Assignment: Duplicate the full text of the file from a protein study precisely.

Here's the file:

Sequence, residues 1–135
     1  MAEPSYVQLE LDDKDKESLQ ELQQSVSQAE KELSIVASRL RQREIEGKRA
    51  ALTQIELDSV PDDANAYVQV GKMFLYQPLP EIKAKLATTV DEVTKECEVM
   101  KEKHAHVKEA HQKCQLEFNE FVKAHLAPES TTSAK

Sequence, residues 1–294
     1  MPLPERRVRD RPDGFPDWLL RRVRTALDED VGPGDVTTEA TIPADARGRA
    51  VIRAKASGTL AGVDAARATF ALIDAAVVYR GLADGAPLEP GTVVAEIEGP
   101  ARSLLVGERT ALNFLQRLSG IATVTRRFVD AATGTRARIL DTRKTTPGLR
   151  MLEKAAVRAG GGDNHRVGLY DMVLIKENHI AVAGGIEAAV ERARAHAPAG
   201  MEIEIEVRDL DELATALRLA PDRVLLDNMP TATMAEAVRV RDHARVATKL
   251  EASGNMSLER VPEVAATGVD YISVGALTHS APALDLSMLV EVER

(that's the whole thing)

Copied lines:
Sequence, residues 1–135
     1  MAEPSYVQLE LDDKDKESLQ ELQQSVSQAE KELSIVASRL RQREIEGKRA
    51  ALTQIELDSV PDDANAYVQV GKMFLYQPLP EIKAKLATTV DEVTKECEVM
   101  KEKHAHVKEA HQKCQLEFNE FVKAHLAPES TTSAK

Sequence, residues 1–294
     1  MPLPERRVRD RPDGFPDWLL RRVRTALDED VGPGDVTTEA TIPADARGRA
    51  VIRAKASGTL AGVDAARATF ALIDAAVVYR GLADGAPLEP GTVVAEIEGP
   101  ARSLLVGERT ALNFLQRLSG IATVTRRFVD AATGTRARIL DTRKTTPGLR
   151  MLEKAAVRAG GGDNHRVGLY DMVLIKENHI AVAGGIEAAV ERARAHAPAG
   201  MEIEIEVRDL DELATALRLA PDRVLLDNMP TATMAEAVRV RDHARVATKL
   251  EASGNMSLER VPEVAATGVD YISVGALTHS APALDLSMLV EVER